Ask Ford’s reps about MyFord Touch and they say if you live with the system, you’ll love it. They say that 80% of Ford owners with the system would recommend it to others.
My family and I lived with it for two weeks. Let me be clear: We did not love it.
Some of the issues that were prevalent when it debuted remain today on the 2013 Ford Flex, though it was supposed to have updated software. Among our issues:
- The system shut down and rebooted on us. Twice. In one afternoon. Without warning or explanation. The first time, we were driving through rural Wisconsin. When we pulled off the road to pick up some fuel and a soda, the screens went haywire. What I mean is the navigation system couldn’t change perspective (I couldn’t get the view to go in closer or farther out), and the satellite radio screen showed the preset buttons but no longer displayed which station was programmed on which button. Finally, the screen went blank and then the system rebooted. Later that afternoon, as we were leaving the Mall of America in Bloomington, Minn., and looking for a nearby restaurant, the screen went blank again. In Ford’s defense, the temperature outside the car hovered around 100 degrees, but considering how many computer chips are in every car and how few of those have failed in triple-digit temps, it seemed like a particularly bad fail, especially as I really needed the nav system in an unfamiliar area.
- The nav system also had problems with simple math. I used MyFord Touch’s Waypoint option, which tells you how long it will take to get to a point in your route as well as to your destination, a couple of times during our long drive. At least twice, Waypoint gave us impossible information. It told us that we were 54 minutes from our final destination, and that we would arrive at 5:33 p.m. Unfortunately, it was already after 5:33 p.m. when we read that. It wasn’t a time-zone problem as far as we could tell; it was just wrong.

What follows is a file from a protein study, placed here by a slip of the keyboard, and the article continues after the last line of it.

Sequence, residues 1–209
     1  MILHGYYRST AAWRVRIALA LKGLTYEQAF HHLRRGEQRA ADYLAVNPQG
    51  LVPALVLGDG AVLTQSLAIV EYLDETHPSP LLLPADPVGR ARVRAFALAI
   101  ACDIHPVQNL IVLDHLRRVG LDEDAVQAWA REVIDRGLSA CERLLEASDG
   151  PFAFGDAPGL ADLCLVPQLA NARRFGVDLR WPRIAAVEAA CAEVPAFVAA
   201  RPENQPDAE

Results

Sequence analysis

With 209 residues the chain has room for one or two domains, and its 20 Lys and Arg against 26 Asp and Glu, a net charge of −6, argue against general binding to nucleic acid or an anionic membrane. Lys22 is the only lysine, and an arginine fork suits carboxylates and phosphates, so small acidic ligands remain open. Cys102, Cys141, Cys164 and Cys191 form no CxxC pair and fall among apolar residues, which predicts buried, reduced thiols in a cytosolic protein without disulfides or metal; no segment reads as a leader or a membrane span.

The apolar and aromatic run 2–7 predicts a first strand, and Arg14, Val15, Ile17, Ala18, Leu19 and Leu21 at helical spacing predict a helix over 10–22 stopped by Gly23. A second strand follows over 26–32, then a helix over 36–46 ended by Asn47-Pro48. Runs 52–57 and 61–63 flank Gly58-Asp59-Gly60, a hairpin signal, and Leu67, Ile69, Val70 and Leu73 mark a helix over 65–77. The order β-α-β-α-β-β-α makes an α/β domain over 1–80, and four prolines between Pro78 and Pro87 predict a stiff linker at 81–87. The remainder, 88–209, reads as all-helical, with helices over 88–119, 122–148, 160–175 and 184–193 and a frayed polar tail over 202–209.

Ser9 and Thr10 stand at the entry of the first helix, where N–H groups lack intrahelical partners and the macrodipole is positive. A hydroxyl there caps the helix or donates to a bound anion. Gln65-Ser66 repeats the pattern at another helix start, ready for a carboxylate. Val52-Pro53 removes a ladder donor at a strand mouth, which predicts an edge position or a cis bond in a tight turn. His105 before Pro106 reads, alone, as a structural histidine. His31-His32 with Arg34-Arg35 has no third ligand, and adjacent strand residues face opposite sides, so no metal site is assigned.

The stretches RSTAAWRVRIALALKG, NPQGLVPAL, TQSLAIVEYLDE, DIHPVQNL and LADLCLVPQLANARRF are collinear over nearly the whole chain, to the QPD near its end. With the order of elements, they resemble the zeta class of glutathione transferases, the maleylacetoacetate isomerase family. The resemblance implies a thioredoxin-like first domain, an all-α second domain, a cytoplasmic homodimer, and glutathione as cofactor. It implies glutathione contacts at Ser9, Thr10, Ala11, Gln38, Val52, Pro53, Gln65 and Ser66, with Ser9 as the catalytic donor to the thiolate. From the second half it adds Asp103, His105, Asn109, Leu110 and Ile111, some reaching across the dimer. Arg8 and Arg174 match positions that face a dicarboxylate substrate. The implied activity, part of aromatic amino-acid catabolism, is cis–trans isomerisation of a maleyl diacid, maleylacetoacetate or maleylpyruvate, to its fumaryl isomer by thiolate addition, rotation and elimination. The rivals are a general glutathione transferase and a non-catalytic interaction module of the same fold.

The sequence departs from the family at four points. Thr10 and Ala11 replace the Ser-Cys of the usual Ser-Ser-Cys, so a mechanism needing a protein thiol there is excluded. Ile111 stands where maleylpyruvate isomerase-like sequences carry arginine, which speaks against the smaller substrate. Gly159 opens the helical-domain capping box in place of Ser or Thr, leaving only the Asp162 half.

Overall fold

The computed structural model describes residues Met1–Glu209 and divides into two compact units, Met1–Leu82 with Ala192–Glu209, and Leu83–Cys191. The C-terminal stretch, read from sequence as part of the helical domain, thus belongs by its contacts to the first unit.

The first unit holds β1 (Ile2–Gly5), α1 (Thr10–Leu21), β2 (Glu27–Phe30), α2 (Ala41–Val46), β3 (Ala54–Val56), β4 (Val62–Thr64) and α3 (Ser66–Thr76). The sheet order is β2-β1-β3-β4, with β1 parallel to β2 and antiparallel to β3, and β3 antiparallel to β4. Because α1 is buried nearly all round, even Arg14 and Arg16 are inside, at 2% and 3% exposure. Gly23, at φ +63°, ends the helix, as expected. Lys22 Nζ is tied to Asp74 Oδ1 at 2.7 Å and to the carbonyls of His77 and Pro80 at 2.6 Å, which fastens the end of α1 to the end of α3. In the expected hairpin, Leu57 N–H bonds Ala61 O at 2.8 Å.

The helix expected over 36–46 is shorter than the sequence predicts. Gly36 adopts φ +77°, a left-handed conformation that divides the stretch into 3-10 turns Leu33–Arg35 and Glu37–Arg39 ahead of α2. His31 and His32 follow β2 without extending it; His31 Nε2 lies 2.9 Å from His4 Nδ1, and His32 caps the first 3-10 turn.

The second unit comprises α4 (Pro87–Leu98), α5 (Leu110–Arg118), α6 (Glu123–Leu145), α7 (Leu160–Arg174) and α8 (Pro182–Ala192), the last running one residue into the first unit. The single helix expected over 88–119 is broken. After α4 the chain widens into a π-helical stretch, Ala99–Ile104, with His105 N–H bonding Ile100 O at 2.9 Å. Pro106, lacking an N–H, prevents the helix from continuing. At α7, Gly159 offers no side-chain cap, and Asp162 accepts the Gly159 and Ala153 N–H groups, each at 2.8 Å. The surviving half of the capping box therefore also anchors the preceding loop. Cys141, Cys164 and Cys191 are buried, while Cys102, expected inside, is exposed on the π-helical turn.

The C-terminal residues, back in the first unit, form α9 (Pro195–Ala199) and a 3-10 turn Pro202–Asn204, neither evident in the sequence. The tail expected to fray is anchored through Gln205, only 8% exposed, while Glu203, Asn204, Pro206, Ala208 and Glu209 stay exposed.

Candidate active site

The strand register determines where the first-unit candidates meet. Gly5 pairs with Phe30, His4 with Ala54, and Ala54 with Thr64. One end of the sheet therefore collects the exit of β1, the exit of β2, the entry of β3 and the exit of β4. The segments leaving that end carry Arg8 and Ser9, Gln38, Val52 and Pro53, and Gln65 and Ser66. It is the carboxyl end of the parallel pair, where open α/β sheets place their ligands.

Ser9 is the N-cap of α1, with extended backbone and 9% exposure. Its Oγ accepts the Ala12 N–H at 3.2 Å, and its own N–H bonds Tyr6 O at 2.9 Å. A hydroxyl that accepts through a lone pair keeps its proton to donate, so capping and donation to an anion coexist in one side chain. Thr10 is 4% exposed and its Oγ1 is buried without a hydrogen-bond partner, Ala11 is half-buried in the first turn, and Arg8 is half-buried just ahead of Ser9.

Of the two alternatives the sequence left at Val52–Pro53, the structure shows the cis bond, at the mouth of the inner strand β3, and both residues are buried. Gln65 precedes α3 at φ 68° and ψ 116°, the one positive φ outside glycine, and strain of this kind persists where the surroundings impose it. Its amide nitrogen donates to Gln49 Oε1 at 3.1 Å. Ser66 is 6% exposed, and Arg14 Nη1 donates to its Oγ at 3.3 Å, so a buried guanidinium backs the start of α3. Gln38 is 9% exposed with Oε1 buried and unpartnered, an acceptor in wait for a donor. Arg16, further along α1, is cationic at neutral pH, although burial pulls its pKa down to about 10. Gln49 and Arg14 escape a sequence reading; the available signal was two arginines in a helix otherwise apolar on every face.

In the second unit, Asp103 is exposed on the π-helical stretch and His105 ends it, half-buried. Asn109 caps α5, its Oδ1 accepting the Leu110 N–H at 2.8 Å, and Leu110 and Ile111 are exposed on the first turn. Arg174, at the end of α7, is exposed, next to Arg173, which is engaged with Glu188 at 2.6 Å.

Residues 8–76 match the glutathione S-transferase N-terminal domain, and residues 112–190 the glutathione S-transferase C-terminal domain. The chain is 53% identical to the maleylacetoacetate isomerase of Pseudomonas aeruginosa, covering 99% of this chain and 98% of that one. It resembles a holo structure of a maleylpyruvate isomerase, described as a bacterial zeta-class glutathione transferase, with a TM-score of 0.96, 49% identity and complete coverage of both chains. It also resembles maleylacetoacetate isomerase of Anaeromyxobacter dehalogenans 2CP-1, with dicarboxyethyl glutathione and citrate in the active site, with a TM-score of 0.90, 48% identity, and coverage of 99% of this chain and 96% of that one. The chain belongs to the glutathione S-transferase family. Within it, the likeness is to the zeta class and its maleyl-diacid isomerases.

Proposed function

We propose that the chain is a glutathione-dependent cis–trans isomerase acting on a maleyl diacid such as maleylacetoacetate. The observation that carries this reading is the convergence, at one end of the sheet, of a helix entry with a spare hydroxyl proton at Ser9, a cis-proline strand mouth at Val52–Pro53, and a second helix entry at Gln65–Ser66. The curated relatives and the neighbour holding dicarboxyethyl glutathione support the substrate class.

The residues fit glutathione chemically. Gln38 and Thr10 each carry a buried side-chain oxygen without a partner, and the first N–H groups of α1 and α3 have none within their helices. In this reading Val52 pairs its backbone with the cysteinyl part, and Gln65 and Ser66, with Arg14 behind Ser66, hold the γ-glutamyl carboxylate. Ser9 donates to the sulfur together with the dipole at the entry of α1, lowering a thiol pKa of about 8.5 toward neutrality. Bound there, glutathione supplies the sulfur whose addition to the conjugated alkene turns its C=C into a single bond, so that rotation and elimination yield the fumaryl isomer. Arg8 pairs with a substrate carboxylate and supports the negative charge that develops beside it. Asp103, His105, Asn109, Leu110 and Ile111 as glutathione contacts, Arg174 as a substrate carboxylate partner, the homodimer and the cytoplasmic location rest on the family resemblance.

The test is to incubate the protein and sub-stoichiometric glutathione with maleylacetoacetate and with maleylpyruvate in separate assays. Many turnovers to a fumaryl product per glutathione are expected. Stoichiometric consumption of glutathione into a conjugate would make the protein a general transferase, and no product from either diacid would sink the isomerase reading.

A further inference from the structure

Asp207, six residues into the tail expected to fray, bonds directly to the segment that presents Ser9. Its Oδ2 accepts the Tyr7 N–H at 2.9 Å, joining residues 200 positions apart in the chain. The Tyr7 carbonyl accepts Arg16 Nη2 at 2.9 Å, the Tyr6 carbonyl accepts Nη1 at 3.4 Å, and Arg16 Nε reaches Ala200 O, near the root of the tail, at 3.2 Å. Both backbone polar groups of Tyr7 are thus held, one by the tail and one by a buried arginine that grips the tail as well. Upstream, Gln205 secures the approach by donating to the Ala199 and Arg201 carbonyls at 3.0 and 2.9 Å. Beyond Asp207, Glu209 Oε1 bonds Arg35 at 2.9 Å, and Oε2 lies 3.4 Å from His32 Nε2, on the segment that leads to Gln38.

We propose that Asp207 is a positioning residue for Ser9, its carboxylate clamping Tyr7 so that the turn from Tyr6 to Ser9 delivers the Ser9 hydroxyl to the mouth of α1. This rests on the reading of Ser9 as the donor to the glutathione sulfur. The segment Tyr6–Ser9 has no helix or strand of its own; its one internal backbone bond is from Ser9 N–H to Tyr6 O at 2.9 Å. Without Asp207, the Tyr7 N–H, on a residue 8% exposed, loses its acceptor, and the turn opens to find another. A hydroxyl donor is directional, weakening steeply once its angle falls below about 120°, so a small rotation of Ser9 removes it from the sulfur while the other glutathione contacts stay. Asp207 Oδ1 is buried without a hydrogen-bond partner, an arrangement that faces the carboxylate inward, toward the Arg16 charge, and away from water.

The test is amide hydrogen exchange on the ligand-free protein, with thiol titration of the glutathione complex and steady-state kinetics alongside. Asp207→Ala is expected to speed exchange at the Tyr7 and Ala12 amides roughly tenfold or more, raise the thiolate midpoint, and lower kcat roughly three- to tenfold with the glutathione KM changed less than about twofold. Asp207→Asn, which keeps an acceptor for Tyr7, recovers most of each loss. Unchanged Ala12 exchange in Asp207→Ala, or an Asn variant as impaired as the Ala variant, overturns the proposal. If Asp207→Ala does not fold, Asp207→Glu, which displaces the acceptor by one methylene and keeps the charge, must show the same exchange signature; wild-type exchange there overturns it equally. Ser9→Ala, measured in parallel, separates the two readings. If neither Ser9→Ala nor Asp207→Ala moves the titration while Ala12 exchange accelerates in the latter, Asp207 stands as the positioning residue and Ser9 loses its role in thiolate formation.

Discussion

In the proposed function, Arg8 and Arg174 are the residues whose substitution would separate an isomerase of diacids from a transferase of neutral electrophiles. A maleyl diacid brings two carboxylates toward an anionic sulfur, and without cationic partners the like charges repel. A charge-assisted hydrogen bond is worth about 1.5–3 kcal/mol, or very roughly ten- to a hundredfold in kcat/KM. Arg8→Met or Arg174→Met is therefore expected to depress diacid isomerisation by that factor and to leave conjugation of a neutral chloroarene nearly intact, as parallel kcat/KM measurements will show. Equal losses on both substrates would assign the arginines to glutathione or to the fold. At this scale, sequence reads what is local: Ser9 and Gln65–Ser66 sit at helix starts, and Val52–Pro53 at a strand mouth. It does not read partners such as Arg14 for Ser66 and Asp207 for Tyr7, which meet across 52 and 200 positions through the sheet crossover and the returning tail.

- One of the great things in the Flex was its multiple USB connections so we could charge everyone’s iPhone and iPod Touch devices. The downside? Every time someone plugged in a new device, MyFordTouch decided we wanted to hear the music on that device. And with that decision, MyFord Touch would tell us that we should keep our eyes on the road. My solution? Don’t let MyFord Touch change the chosen device automatically; let the driver decide what is going to be heard on the stereo system.
- Also a music problem: The Bluetooth streaming audio sometimes worked great, allowing me to change and skip songs at will using the steering-wheel controls, and other times, it forced me to use the commands on my iPhone. It was completely arbitrary.
- Lag time when selecting commands on the touch-screen continues to be a problem. At first, you’ll hit a “button” (I use quote marks, because it’s really a touch-screen) several times and then see that you’ve cycled through the choices because of your lack of patience. Later, you think you’ve become wise; you hit a button and wait until something happens – or doesn’t. Either way, the driver is spending way too much time watching the screen and not the road.
- The navigation system also suffers from the same flaws of many, if not most, nav systems: the inability to understand that left-turn lanes exist instead insisting that you “make a legal U-turn” to get to your destination; the inability to accurately find street addresses for stores and restaurants, being off by as little as a few hundred feet to as much as a half-mile; and an input system that defies logic and sanity.
It’s possible that we drivers (and journalists) are jaded by being exposed to every new gee-whiz gadget out there, but if I had to use this system again on a long-distance drive, I’d find some applications for my smartphone to do the jobs that I couldn’t leave to chance.